Nearly 30 events around Sonoma County featured in first-ever Zero Waste Week
Like to waste less food?
Learn to preserve or swap what you grow with other home gardeners or pick up some tips on using odd bits from the fridge for a creative meal.
Have some damaged goods?
Find a way to mend or “upcycle” your stuff so you can still use it, instead of putting it in the trash.
Want to help spare the planet?
Compost organic waste instead of sending it to the dump or join a cleanup brigade at a local creek.
All of these subjects and more are on the agenda during Sonoma County’s first-ever Zero Waste Week, starting Sunday.
The event, which runs through July 30, offers demonstrations, community gatherings, webinars and volunteer opportunities that highlight and promote waste-free living — whether that means learning to compost, reducing water waste or brainstorming new reuse opportunities.
“What we hope to accomplish is really to get outside of our normal crew of people interested or involved in zero waste efforts and really bring them into the community in different ways,” said Leslie Lukacs, executive director of Zero Waste Sonoma, the regional authority that works to reduce landfilled waste. “It’s really trying to target different audiences in a new environment.”
The weeklong event was organized by a grassroots consortium of stakeholders and community groups called Zero Waste North Bay, with different groups around the county offering to host and plan individual sessions and events across the county, Lukacs said.
It opens Sunday morning with the county’s second, free Fix-it Clinic & Reuse Fair, which, similar to the first one in May, offers folks a chance to get expert help repairing broken lamps and small appliances, bicycles in need of attention and clothing that needs mending.
The 10 a.m. to 1 p.m. event at TekTailor, 3251 Santa Rosa Ave., also will feature knife sharpening, upcycled art, a clothing swap, the Library Biblioteca and the Children’s Museum of Sonoma County “On-the-Go” mobile bus, as well as other participants.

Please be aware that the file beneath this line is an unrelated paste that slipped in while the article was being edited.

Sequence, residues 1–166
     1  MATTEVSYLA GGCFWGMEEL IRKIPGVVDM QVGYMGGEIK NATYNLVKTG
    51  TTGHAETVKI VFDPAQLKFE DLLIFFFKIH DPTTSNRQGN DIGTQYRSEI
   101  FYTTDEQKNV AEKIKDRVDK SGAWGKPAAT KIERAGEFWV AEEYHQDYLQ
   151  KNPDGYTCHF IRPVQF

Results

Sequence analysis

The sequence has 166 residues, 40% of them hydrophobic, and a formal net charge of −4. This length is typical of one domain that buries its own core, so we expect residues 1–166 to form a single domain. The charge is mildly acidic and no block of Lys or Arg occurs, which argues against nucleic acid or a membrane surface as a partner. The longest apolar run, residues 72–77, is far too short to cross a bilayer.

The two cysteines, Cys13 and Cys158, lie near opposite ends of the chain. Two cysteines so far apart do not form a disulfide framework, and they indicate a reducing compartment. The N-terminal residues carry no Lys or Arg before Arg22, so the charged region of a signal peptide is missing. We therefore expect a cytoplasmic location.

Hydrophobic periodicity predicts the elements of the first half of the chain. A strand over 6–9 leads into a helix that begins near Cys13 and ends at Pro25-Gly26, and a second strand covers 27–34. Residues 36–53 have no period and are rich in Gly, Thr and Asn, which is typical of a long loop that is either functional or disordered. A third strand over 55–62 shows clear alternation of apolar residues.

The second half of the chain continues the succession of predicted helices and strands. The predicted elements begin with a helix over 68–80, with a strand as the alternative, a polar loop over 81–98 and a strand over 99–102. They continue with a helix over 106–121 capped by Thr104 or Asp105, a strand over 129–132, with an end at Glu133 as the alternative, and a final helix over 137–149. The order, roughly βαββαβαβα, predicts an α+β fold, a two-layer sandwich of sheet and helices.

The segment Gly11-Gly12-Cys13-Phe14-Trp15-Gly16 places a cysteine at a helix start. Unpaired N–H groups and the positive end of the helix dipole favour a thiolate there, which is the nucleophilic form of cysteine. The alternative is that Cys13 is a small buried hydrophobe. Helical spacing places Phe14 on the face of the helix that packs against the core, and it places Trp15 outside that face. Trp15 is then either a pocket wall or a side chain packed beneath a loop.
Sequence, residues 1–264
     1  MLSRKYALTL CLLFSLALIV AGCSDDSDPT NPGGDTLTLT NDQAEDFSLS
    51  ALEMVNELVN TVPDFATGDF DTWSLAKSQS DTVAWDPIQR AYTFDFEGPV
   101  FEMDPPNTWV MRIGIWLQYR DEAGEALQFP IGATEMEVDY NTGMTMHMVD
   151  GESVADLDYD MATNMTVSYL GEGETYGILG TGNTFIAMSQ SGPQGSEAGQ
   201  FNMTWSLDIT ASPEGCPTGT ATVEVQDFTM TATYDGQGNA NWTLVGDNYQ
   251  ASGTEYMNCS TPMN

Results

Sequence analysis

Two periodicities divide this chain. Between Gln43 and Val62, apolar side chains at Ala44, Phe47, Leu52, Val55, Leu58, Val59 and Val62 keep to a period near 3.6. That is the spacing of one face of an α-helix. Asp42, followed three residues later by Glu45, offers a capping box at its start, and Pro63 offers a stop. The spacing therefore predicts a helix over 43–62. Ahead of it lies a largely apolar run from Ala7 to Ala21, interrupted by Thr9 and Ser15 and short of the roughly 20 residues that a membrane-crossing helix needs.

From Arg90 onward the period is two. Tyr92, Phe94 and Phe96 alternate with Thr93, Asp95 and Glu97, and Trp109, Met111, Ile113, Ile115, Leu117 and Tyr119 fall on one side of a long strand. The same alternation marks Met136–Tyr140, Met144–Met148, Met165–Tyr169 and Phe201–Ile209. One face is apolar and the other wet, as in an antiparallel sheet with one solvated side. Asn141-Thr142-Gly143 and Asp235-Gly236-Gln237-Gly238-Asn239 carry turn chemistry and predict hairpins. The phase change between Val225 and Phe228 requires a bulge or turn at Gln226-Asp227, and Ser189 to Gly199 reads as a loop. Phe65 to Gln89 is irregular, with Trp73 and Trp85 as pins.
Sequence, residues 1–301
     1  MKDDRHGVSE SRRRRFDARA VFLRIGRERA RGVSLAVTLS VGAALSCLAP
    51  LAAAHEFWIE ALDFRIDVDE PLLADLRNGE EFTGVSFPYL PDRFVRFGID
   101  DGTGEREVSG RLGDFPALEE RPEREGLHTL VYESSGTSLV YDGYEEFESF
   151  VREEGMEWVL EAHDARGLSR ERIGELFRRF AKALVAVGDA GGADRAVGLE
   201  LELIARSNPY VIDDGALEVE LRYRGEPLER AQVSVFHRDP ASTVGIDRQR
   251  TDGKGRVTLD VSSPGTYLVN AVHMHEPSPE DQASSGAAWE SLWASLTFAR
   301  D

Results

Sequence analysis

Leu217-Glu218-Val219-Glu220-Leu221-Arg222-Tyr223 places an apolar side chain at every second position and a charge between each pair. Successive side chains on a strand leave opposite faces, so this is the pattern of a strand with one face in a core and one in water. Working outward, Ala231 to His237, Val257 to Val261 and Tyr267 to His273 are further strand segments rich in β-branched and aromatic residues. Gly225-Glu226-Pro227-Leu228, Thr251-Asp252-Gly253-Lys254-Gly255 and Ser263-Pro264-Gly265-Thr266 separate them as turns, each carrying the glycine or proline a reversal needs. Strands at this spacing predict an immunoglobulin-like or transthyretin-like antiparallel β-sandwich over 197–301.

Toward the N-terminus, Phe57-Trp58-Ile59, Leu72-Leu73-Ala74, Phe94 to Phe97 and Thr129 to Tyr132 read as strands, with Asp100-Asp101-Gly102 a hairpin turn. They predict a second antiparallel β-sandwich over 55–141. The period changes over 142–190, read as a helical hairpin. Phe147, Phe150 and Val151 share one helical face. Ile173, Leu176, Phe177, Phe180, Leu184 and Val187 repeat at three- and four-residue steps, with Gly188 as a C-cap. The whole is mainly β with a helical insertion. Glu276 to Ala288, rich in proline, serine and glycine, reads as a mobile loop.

Also Sunday, at the Environmental Discovery Center at Spring Lake Regional Park, young folks are invited to learn about science and the fight against climate change through crafts, games and experimentation at an event called Solutions Sunday-Design Tomorrow. The event runs from 11 a.m. to 2 p.m. (Registration and a fee of $10 or $12 are required for small-group time within that period.)
All together, there are more than two dozen events targeting different age groups around the county during the course of the week.
They include tours of Waste Management’s Redwood Landfill Compost Facility, which receives green cart and bin organics from many Sonoma County residents, and the Recology Sonoma Marin Material Recovery Facility, where curbside recyclables are sorted.
But both have been closed to registrations because of high demand, even after additional tours were added for about 120 more people between the two sites.
“The response was overwhelming,” Lukacs said.
There are a couple of clothing swaps, a canning class, and an opportunity to help deliver fresh-picked, surplus apples gleaned from 10 different properties to emergency food providers.
Nathanson Creek Preserve in Sonoma will get some TLC on Wednesday morning during a cleanup effort, as will Sebastopol Road in Santa Rosa. On July 30, it’s the Colgan Creek Trail’s turn in southwest Santa Rosa.
A daylong symposium showcasing policies and programs that was to anchor the week was recently canceled, due to concerns about the current COVID surge.
But Lukacs said the event would be rescheduled sometime next year.
Environment and Climate Change, The Press Democrat
I am in awe of the breathtaking nature here in Sonoma County and am so grateful to live in this spectacular region we call home. I am amazed, too, by the expertise in our community and by the commitment to protecting the land, its waterways, its wildlife and its residents. My goal is to improve understanding of the issues, to find hope and to help all of us navigate the future of our environment.